Survivor of deadly Saigon tower blaze: 'We could not breathe'

By Duy Tran, Quoc Thang   March 23, 2018 | 02:18 pm GMT+7
Survivor of deadly Saigon tower blaze: 'We could not breathe'
A blaze at Carina Plaza in Ho Chi Minh City killed 13 people and injured 28 early on March 23, 2018. Photo by VnExpress

Survivors said the fire alarms did not go off, and the fire doors had been wedged open.

A fire that killed 13 people at an apartment building in Ho Chi Minh City early on Friday left many survivors shaking as they recalled the moments they thought they were dead.

Le Thi Thanh Truc, 37, said that her husband yelled “FIRE!” at around 1 a.m. as their apartment was filling with smoke.

He grabbed their daughter and pulled her out of their third-floor apartment.

“We could not breath, the smoke was very thick,” Truc said.

People were running all over the place, covering their faces with wet towels to avoid suffocating, she said.

As they tried to run down the stairs to the ground floor, the heat and smoke forced them back.

“It was chaotic. Everyone was running around helplessly and screaming,” Truc recalled.

Shortly after, she lost sight of her husband and daughter.

Truc escaped after finding a rope ladder attached to one of the balconies. A man helped her climb down and she later found her family. “We were all lucky,” she said.

Her neighbors said there was a “stampede” as hundreds tried to flee.

Five people died from suffocation on her floor.

Nguyen Thi Thanh Loan, who lived on the first floor, also managed to survive the blaze.

Loan said she noticed the smoke only because she had decided to turn off the AC the previous night and open the windows.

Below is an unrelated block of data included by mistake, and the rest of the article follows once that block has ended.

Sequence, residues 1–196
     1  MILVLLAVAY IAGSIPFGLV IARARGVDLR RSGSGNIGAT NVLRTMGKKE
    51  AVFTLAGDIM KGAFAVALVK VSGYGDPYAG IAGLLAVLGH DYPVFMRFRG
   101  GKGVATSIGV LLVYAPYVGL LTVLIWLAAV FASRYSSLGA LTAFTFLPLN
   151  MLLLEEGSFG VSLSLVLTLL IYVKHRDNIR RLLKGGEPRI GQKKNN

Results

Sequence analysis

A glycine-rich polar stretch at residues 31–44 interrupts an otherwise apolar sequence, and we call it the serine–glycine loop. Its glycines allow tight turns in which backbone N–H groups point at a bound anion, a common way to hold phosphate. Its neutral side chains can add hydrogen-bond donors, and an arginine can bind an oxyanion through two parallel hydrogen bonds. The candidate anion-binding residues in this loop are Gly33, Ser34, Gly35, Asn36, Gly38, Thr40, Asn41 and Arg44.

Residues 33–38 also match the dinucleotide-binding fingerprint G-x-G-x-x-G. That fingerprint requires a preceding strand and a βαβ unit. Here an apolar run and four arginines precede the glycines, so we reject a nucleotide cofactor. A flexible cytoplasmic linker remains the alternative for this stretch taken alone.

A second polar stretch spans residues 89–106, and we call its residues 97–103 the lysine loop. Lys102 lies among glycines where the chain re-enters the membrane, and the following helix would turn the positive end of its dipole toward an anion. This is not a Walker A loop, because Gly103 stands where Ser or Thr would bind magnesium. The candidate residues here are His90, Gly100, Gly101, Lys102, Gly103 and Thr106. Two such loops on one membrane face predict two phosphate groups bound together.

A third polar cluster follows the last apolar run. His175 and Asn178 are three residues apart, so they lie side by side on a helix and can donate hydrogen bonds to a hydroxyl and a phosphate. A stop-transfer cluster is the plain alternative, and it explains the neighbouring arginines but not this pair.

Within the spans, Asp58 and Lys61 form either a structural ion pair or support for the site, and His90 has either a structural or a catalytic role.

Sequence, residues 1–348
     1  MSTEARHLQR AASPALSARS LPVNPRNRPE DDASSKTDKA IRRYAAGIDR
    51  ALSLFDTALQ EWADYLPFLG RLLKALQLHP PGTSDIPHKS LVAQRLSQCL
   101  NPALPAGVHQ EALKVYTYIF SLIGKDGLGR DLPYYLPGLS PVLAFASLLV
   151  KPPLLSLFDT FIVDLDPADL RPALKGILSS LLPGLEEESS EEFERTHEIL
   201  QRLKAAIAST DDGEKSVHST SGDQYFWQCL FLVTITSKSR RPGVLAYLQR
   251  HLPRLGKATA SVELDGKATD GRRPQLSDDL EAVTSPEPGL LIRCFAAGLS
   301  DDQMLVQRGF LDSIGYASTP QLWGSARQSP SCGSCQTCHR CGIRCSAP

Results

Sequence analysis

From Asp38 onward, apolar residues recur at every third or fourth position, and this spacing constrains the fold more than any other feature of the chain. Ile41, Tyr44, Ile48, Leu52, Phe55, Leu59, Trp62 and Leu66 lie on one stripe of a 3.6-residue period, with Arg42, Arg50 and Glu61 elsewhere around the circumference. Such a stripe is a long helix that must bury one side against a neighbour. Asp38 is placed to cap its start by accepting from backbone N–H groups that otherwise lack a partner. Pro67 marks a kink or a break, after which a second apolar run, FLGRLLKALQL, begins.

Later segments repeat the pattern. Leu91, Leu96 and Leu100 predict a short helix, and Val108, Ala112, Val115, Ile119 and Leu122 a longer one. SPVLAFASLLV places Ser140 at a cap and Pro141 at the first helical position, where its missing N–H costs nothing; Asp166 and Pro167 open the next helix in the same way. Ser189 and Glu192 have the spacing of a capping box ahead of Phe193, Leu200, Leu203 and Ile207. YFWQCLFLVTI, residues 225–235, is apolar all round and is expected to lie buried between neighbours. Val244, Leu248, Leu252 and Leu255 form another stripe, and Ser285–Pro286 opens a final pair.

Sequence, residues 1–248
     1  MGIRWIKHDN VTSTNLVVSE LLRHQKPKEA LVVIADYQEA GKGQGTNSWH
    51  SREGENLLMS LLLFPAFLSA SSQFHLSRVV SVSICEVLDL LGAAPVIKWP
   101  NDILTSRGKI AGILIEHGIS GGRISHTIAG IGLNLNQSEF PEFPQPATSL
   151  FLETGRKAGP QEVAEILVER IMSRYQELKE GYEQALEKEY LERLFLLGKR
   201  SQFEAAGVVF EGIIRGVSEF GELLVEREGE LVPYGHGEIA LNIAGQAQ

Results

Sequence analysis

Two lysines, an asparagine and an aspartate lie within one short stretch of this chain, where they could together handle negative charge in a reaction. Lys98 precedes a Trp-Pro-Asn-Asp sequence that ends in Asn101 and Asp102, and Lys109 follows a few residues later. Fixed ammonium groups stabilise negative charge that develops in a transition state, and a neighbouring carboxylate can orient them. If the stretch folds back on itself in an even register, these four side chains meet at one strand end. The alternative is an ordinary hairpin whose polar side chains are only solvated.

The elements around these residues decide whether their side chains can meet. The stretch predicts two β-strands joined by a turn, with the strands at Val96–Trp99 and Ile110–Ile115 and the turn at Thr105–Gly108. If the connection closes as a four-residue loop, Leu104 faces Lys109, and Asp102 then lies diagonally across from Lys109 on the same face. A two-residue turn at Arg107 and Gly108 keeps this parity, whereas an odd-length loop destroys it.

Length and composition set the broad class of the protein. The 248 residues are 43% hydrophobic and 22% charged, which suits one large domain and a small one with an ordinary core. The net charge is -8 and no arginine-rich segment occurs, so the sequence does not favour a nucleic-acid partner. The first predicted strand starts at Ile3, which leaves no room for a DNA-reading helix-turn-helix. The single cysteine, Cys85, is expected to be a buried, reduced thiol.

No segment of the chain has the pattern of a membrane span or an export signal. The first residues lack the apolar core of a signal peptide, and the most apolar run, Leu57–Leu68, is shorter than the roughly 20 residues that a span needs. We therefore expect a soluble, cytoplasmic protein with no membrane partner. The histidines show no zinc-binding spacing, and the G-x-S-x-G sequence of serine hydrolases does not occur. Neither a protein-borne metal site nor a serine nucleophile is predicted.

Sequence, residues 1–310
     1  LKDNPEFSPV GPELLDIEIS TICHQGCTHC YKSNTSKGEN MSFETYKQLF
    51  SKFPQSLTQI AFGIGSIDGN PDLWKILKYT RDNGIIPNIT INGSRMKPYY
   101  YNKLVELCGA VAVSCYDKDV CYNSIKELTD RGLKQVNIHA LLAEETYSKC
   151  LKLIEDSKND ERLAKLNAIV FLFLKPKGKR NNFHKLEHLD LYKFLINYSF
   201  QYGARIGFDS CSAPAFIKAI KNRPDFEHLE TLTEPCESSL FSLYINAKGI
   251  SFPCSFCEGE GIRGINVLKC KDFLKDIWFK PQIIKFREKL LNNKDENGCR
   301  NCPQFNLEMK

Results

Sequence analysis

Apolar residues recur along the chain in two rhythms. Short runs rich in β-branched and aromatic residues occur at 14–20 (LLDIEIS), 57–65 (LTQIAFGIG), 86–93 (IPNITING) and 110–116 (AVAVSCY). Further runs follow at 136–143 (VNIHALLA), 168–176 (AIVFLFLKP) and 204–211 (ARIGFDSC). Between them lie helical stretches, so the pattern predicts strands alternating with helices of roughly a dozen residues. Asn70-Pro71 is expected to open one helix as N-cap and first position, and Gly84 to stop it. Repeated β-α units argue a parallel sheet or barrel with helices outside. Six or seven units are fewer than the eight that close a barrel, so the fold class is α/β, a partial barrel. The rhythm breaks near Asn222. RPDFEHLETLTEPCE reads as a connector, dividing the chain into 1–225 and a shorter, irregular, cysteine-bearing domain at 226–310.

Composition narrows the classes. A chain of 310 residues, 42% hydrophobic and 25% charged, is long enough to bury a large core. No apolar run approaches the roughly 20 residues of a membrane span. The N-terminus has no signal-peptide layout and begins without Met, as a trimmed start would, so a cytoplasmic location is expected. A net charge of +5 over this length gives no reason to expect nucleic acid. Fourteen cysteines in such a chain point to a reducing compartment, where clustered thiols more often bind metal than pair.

“When we got to the ground floor, black smoke engulfed us, and I thought we were going to suffocate to death,” Loan said.

Her family had to run back up and found a ladder on a balcony.

The fire started at Carina Plaza in District 8 at around 1.15 a.m. on Friday, just seven hours after residents held a meeting with the building's managers about fire risks, saying that guards in the parking lots often smoked, and that the elevator panels were overheating.

Police said at least 13 people were killed and 28 others injured. Among the victims were two boys of three and five years old. A woman also died after slipping from the 19th floor, and two others from the 12th floor.

Hundreds could be seen standing on high balconies, waving flashlights and screaming for help from fire trucks on the ground. Many people on the second and third floors jumped for their lives.

Le Thi Vang, 50, who jumped from the second floor, said: “We had to take a risk.”

She said the floor was so hot they couldn't run across it, but if they'd stayed, they would have suffocated.

No alarms

An initial investigation has found problems regarding fire safety in the building.

Many survivors said they were alerted by the heavy smoke, not the fire alarms that should have gone off.

The automatic sprinklers in the building also failed to deploy, and the emergency lighting did not turn on, leaving residents stranded in the smoke.

The fire started from a motorbike in a basement parking lot where there were more than a thousand motorbikes and dozens of cars. Two charred bodies were found in the lot.

Fire police inspects the parking lot where cars and motorbikes have been burned down to frames. Photo by VnExpress

Fire police inspect the parking lot where cars and motorbikes were burnt to a shell. Photo by VnExpress

“We have not ruled out the possibility of the explosion being set off deliberately because it was very loud,” said Phan Anh Minh, deputy director of the city’s police.

“But that could have been the gas tank exploding,” he said.

Bricks were wedged in the fire doors designed to stop smoke from flying up to the residential floors, police said.

“Most of the victims died from suffocation,” Nguyen Thanh Huong, the city’s fire police chief, said at a meeting on Friday.

Police are investigating who was responsible for wedging the bricks in the fire doors, and if they intended any harm.

The fire is one of the deadliest in the city’s history, only surpassed by a blaze that killed 60 people at the six-story International Trade Center in October 2002.

 
 
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